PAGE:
November 14, 2019

What’s the biggest misconception about wellness?


I think the biggest misconception is that well-being programs don’t work.

And, where is this misconception often coming from?



The research proves that well-being programs DO work. Just this month another great study was released, this one from Deloitte looking at the significant ROI of mental well-being programs. Any leader would embrace these levels of ROI, yet one of the biggest barriers to implementing a wellbeing program was found to be leadership buy in. And if a wellbeing program is implemented, what is the biggest reason it doesn’t reach its ROI potential? You guessed it - leadership buy in.

So you enter into this vicious cycle where programs may not work as desired because leadership didn’t support the initiative. A sabotaged program can’t meet expectations, but then unfortunately, it is used to validate that well-being is a waste of time and money.

So what do you do? How do you break free of the cycle? Leaders ultimately want what is best for their company and employees, and this is your opportunity to educate your senior leaders and challenge their old ways of thinking.

One thing I learned recently was that it wasn’t very long ago that what we know of today as the “weekend” did not exist. In fact, it was Henry Ford who was the first leader of a mainstream company who announced the weekend as an employee benefit - and because of that he got an onslaught of potential employees knocking down his door to come work for him.

Check out the Guide To Workplace Wellbeing

There were legitimately so many people outside the Ford plant the day this benefit was announced that a huge riot broke out, the police were called and some people were even badly injured. But it shows something really important - employees were literally willing to risk life and limb to work for a company that thought big and offered competitive, human centric benefits.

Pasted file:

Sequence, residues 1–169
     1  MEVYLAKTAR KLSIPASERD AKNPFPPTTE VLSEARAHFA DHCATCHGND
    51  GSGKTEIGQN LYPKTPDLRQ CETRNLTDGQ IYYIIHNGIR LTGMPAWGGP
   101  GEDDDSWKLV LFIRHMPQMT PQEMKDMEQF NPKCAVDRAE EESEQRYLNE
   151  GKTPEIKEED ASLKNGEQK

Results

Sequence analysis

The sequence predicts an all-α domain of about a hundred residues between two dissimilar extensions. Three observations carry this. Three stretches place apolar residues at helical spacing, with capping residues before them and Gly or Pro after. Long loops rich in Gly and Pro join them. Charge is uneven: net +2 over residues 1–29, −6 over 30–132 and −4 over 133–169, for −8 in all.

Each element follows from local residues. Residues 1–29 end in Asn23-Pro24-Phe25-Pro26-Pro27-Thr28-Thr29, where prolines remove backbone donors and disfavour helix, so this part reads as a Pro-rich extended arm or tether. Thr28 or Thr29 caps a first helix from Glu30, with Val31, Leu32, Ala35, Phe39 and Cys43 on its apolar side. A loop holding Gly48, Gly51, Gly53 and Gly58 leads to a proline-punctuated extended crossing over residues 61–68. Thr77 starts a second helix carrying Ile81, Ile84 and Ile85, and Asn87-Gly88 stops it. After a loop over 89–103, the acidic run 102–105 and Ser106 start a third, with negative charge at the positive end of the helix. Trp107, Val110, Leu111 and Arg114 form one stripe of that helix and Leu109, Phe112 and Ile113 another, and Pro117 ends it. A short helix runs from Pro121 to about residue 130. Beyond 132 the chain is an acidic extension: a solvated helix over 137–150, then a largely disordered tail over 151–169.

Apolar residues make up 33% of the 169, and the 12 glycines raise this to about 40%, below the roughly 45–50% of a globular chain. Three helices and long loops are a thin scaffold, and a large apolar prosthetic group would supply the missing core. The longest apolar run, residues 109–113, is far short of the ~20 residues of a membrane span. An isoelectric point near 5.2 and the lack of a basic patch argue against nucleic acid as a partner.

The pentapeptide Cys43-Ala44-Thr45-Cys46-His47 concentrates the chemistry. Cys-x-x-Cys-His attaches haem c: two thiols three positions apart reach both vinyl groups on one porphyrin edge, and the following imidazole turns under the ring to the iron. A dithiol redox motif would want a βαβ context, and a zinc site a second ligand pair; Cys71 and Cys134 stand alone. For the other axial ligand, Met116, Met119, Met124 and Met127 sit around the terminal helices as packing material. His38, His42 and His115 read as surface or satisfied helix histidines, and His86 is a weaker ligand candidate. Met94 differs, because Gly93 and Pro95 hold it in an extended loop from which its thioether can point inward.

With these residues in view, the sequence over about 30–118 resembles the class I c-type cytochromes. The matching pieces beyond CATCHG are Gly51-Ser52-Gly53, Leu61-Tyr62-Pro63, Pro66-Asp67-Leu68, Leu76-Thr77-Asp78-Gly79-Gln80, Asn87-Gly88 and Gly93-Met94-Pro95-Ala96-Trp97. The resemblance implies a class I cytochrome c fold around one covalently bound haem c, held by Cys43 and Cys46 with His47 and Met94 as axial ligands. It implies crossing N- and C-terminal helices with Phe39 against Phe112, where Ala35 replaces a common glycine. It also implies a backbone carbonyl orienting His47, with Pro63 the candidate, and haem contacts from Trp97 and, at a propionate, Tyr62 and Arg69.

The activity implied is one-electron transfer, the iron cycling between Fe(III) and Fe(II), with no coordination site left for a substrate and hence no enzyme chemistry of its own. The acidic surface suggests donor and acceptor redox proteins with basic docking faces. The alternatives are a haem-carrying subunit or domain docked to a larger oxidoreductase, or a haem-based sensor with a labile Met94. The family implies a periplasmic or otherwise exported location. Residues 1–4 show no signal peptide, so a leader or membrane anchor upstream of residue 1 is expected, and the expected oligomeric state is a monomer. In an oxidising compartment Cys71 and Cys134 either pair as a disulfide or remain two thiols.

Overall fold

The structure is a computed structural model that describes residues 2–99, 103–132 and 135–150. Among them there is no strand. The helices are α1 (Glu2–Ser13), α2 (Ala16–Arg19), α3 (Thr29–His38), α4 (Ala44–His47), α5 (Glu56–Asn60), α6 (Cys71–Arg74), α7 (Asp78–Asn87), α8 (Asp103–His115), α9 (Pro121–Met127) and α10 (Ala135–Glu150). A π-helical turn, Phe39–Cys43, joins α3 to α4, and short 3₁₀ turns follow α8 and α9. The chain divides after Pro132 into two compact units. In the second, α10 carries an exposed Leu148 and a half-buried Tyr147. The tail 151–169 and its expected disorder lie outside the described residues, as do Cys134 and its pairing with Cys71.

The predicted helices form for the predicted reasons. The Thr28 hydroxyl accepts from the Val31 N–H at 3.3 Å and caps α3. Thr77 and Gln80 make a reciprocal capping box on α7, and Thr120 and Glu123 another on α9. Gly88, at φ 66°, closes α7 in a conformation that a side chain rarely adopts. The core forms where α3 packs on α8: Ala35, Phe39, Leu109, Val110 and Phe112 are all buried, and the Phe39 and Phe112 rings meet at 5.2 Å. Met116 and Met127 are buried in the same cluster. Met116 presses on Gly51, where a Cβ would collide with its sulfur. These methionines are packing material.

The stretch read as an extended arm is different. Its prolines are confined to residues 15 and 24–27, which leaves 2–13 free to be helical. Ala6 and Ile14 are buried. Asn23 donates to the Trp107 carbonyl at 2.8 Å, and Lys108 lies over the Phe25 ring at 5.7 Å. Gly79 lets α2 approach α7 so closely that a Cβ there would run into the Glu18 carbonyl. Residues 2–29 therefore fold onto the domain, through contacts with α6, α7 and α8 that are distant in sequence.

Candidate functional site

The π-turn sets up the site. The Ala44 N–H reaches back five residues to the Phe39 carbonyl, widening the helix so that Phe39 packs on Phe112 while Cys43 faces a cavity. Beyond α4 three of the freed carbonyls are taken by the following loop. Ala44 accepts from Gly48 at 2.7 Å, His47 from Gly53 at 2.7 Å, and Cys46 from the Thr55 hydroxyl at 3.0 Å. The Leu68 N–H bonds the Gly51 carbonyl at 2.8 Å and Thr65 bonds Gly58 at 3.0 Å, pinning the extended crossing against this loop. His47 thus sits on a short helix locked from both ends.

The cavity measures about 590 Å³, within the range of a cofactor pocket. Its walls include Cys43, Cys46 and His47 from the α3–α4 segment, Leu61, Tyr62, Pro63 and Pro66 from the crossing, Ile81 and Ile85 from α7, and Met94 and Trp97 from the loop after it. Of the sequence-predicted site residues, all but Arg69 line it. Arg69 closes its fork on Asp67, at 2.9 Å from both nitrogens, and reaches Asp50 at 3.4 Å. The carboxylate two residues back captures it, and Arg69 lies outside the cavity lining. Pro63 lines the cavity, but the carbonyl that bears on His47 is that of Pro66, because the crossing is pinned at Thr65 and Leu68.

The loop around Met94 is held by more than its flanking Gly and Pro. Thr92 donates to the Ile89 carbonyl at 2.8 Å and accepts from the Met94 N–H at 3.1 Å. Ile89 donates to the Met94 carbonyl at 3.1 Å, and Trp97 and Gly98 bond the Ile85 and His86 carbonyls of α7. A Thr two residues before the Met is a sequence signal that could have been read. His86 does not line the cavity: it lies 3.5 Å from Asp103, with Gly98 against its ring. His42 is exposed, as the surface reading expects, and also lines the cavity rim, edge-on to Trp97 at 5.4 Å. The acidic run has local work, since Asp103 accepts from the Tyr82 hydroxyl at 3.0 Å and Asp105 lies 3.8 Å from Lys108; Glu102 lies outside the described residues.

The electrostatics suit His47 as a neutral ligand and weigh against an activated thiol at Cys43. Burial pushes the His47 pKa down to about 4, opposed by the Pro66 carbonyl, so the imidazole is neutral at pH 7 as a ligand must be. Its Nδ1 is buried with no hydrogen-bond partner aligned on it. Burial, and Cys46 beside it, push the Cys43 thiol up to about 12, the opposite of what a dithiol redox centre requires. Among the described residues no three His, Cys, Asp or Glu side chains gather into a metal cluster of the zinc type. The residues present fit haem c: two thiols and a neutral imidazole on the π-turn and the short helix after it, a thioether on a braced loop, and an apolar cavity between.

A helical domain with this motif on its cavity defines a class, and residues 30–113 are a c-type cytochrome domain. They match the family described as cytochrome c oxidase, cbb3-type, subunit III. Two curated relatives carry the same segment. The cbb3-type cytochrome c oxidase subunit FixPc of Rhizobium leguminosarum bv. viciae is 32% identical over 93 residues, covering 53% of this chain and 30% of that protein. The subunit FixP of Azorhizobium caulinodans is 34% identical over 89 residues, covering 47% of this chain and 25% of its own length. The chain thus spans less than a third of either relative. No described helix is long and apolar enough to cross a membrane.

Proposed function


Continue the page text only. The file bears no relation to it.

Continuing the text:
It still took 50 years after Henry Ford's announcement for the two day weekend to be a benefit offered by all employers. But old Henry got a massive head start on that talent war - and I’d argue that taking big risks to provide programs and benefits that promote work life balance as well as health and happiness are one of the reasons that Ford is going to celebrate their 120th anniversary soon - and that’s a pretty awesome ROI story.

So, long story short, if your leaders are skeptical about investing in a wellbeing program, let them know that well-being is just the new weekend. They can get a head start (like Mister Ford) or they can fall decades behind until they are eventually required to offer this benefit anyway because the demand from employees is not going to change any time soon. In an age where unemployment is at record lows and employees have so many job opportunities that they’re literally ghosting you on their first day of work because they got a better offer elsewhere, you want those people to be knocking at your door, not your competitors’.


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